City to re-secure former Toney site due to cat problem


The City of Crawfordsville will again board up a former oil company building after a local veterinary clinic raised concerns about the site being a roaming ground for stray cats.

The former Toney Petroleum site at 508 John St. has been a years-long headache for the city, which gained ownership of the property in 2018. The building is on the list to be demolished, but past ground contamination has delayed the process.

Staff at New Ross Veterinary Services say they first reached out to the city about six months ago after receiving reports of cats overrunning the abandoned building.

During a recent inspection, veterinarian’s assistant Susan Weatherford, who once lived in the neighborhood, said she saw people dropping off cats. Some of the cats are pregnant. Weatherford said she found bowls of antifreeze and there was feces everywhere.

“It smells like a litter box out there,” Weatherford said.

Outside the white clapboard building, a cat was seen sitting in a tangle of tree limbs beneath a sign still advertising the petroleum company. Someone had removed a board covering an open basement window and there were other holes around the foundation.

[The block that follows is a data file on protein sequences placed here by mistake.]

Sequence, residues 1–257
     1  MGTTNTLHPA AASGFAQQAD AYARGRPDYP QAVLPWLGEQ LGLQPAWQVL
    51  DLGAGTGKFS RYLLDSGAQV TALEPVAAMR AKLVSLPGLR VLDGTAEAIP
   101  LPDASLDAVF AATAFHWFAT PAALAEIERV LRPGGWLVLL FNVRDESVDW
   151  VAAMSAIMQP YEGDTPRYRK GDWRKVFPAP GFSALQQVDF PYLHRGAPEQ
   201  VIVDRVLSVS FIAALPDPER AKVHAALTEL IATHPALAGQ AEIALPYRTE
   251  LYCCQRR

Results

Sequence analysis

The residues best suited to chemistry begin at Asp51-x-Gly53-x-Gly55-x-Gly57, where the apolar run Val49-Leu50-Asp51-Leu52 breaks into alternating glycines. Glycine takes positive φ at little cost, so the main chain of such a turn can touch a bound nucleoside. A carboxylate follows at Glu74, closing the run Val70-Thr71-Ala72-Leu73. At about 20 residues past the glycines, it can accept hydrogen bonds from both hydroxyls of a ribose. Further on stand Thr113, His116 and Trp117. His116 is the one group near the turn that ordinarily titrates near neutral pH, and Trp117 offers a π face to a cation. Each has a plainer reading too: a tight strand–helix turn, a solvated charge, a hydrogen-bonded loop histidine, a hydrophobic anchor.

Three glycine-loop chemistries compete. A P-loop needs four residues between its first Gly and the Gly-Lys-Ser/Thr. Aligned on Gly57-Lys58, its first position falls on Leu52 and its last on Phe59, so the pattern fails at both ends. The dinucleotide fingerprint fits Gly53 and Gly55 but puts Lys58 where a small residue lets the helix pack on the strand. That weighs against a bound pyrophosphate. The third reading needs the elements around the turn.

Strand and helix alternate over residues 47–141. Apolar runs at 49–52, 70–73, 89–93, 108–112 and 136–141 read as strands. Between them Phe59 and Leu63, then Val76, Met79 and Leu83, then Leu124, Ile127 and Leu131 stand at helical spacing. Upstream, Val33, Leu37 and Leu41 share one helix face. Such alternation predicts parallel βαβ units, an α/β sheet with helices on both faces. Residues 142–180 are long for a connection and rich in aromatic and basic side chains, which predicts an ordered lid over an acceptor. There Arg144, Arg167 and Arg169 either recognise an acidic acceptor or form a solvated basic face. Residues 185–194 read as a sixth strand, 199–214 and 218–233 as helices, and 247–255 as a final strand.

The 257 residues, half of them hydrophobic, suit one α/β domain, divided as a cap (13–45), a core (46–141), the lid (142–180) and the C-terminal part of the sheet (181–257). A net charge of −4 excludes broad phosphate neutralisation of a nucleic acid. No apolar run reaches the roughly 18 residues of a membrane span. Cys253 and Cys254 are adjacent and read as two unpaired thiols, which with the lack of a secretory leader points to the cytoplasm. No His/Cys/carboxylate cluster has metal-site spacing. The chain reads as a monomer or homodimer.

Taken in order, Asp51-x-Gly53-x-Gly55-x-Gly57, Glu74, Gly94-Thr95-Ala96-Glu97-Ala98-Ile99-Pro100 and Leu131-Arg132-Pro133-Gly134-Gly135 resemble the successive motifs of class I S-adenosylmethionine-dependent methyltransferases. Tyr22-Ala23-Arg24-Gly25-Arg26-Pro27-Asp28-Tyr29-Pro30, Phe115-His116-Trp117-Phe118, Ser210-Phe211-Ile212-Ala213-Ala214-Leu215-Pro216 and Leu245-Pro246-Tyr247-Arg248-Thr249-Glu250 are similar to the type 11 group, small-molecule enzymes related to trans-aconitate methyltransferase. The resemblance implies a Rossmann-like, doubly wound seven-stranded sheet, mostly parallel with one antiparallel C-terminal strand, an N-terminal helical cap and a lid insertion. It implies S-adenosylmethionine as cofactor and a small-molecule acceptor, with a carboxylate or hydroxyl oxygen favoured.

A tray filled with cat food sat on the front steps next to plastic coffee containers and two other mostly empty food pans.

City code enforcement officer Barry Lewis, who spoke with Weatherford on Thursday morning, said he would ask the street department to replace the boards.

“We are aware that there are cat issues in that house. There have been cat issues in that house for many years,” Lewis said.

“Part of the problem is that every time we go and try to board that house up, somehow our boards get taken away by someone,” Lewis added. “And we have had people who continue to feed the cats at that location.”

The Animal Welfare League of Montgomery County has also received several cat complaints from the John Street area, director Misha Anderson said. Most of the cats are feral. Anderson said she would need authorization to enter the property to retrieve the animals.

“It’s going to be a challenge because they’re not friendly cats,” Anderson said.


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